The Government is availing of money under the EU Recovery and Resilience Facility, set up to stimulate the European economy after Covid-19. Work is ongoing on rolling out this facility and the loans are expected to be ready in the third quarter of 2022.

Banks will be incentivised to lend money to carry out this work through an 80% government loan guarantee system – which means they will be far more likely to extend a loan to applicants.

Are there enough workers to do all this work?

The National Development Plan has allocated €8 billion to retrofitting up to 2030. This will give the construction sector the confidence it needs to invest in staff and equipment, to do this work. This also sends out a strong signal to workers and school leavers that there will be steady work in this sector over the coming decade.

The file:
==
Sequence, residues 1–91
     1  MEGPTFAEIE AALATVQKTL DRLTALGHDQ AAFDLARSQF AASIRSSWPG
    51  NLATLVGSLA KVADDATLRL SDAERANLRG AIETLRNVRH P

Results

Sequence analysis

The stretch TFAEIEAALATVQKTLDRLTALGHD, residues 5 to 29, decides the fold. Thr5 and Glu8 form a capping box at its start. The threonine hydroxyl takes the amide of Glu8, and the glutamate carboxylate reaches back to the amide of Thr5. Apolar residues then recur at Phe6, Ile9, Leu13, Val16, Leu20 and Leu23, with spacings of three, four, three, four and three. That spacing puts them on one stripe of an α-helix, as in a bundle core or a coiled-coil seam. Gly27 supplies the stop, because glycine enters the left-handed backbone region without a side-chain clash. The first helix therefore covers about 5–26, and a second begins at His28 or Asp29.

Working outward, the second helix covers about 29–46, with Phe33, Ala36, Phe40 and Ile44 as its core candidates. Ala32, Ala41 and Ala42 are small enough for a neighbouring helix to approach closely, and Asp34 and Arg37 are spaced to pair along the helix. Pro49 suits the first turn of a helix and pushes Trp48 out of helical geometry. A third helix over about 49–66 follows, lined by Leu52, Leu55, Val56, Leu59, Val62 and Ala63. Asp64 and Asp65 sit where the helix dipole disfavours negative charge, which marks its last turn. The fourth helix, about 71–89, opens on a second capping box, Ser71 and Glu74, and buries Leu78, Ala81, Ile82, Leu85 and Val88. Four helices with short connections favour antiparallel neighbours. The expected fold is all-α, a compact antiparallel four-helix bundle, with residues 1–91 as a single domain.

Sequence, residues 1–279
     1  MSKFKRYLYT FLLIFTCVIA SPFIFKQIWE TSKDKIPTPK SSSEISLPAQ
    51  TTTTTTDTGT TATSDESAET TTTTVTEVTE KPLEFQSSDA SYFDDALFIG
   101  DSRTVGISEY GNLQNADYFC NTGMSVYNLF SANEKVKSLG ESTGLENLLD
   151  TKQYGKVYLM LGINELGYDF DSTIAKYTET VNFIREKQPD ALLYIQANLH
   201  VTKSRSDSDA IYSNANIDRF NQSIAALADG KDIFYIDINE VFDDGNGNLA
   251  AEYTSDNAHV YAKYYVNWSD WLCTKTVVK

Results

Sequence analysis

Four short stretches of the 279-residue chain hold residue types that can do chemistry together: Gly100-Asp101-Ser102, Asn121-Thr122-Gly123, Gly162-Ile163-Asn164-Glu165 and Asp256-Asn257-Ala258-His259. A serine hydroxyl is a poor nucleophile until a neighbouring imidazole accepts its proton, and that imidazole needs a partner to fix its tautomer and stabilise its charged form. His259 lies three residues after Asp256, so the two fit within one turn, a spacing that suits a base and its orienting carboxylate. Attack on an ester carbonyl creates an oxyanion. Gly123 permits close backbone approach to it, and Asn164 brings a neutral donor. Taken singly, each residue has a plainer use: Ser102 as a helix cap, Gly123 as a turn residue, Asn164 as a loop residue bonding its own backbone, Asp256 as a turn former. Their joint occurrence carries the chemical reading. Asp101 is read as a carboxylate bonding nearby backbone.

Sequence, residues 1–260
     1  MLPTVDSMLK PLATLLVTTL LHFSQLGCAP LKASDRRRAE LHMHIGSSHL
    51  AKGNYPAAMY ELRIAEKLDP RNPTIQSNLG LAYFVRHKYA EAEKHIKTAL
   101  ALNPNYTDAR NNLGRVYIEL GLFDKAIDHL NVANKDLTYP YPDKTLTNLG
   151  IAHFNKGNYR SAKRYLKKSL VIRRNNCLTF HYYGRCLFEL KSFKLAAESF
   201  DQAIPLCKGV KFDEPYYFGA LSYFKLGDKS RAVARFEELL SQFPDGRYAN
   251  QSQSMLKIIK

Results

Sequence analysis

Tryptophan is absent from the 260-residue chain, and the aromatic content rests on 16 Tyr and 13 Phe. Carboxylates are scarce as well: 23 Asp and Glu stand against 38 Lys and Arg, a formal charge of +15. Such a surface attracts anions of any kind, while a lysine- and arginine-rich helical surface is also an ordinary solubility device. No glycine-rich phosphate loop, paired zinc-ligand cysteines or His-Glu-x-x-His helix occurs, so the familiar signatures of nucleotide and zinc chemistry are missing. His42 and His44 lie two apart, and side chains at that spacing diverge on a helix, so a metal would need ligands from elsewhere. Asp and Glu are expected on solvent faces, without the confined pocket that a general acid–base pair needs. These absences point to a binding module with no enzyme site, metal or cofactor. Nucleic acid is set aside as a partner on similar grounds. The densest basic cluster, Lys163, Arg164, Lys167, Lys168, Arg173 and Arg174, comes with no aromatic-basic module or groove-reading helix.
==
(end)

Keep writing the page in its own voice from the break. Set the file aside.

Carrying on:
In Budget 2022, the Department of Further and Higher Education provided €22 million for the Green Skills Action Programme, €17m of which relates to retrofit and NZEB (near zero energy buildings) skills. The money will provide for an additional 2,650 places, bringing the total number of places to 4,550 by the end of 2022.

NZEB and retrofit programmes are provided in Waterford Wexford ETB, Laois Offaly ETB and Mount Lucas National Construction Training Centre with work ongoing to establish three more centres of excellence in Cork (Fermoy), Limerick/Clare, and Mayo/Sligo/Leitrim ETB: to be in place by Q4 2022.